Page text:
Country Living Series

Sunday, November 7, 2010

The philosophy of feeding

Last week we moved the cows to their winter quarters, the wooded side of our property.  Normally we feed them through the winter since, of course, they can't graze through snow.  But since we haven't had any snow yet, and since we're trying to preserve our hay supply, we've been letting them pick through the remaining grass in the woods.


But a couple days ago we thought we'd better start feeding.  The calves had never been fed at the feed boxes before, so it took them a day or two to figure out that free food magically appears in the feed boxes twice a day.

Now the calves "get it."  In fact, everybody "gets it."  Mornings and afternoons, we have eleven discontented animals (ten bovines, one horse) standing impatiently next to the feed boxes, waiting for us to get off our lazy duffs and give them food.  They bellow.  They moo.  They whinney.  They don't shut up until we feed them.


It's not as though there's three feet of snow on the ground.  There's still food in the woods if they look for it.  But it's so much easier, don'cha know, to gripe and moan and complain until they get their free food in the feed boxes.  Conditioned by the handouts, they are now too lazy to go look for food themselves in the woods.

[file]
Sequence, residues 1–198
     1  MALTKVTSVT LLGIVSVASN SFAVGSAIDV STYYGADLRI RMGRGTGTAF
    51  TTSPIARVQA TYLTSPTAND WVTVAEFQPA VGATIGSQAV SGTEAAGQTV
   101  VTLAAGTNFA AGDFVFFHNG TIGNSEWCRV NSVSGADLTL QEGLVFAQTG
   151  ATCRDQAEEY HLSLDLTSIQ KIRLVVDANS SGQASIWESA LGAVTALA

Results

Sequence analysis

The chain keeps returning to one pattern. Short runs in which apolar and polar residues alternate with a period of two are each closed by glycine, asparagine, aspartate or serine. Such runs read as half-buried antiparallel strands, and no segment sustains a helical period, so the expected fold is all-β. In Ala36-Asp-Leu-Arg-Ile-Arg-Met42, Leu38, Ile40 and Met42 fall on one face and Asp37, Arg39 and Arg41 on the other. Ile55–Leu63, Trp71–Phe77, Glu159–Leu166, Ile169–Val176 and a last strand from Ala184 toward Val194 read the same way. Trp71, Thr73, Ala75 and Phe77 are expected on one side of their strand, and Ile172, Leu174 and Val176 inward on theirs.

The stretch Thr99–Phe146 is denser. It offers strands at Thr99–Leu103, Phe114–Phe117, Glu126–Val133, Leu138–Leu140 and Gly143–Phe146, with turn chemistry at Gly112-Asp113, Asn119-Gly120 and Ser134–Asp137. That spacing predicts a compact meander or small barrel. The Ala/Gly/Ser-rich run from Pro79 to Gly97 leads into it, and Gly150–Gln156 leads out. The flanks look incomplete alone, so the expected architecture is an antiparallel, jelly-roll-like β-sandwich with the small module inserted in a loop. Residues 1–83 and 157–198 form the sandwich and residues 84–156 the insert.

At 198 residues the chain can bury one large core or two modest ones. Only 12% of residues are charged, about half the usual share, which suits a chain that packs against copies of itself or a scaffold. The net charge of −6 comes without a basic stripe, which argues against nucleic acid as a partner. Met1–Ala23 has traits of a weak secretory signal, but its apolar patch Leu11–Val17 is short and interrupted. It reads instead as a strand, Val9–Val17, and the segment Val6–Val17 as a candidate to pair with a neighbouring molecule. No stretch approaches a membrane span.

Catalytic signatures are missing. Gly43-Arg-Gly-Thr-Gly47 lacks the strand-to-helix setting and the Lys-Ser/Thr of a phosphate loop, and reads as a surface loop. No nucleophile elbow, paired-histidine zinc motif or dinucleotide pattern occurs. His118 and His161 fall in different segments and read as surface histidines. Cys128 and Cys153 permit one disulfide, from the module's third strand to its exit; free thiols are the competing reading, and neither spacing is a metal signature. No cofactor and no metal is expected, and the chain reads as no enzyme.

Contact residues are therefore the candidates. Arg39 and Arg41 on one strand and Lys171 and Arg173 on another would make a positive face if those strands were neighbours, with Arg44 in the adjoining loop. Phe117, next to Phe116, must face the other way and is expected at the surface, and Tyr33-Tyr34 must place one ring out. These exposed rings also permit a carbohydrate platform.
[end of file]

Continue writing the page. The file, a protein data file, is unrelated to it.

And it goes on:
But of course, the food isn't free.  My husband and I paid for it.  And we're the ones doing the labor of feeding.  Wind or rain or shine, we trundle the wheelbarrows over to the haybales, pitch the hay into the barrow, trundle it over to the feed boxes, and heave the hay into the boxes.  We fill the wheelbarrow three or four times each feeding.  We feed twice a day.  It doesn't matter what other chores need doing, or what the weather is like, or even how we feel.  And if we're late, they complain.

Until the snow flies and feeding becomes imperative, it finally dawned on me what the problem is.


Our cows are on welfare.

15 comments:

  1. Bahahah!!!
    It's funny because it's true :-)
    ~Clare

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  2. Excellent. It's a much better example than most of the email that is circulating. Grasshoppers and Ants. Oh! My!

    Steve

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  3. LOL reminds me of the time my 4 cows and the Donkey got out over night.We woke up to them standing around the front pourch,makeing enought nosie that you would think they had not eaten in a week.But they were easy to get back to where they belonged.

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  4. another brilliant post! Thanks for the laugh!

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  5. Now if you let your cows vote you could be in serious trouble.

    9 cows, 1 horse and 2 humans sit down to vote on who buys the hay.... there will an earmark against eating beef added to it as well.

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  6. How quickly all creatures learn to depend on handouts, how much longer it takes to train them to go back to depending on their own efforts to survive, right?

    Our horses are on welfare too. The minute they see the lights come on in the morning or the back door open in the evening, the nickering begins. Feed us, feed us, feed us! LOL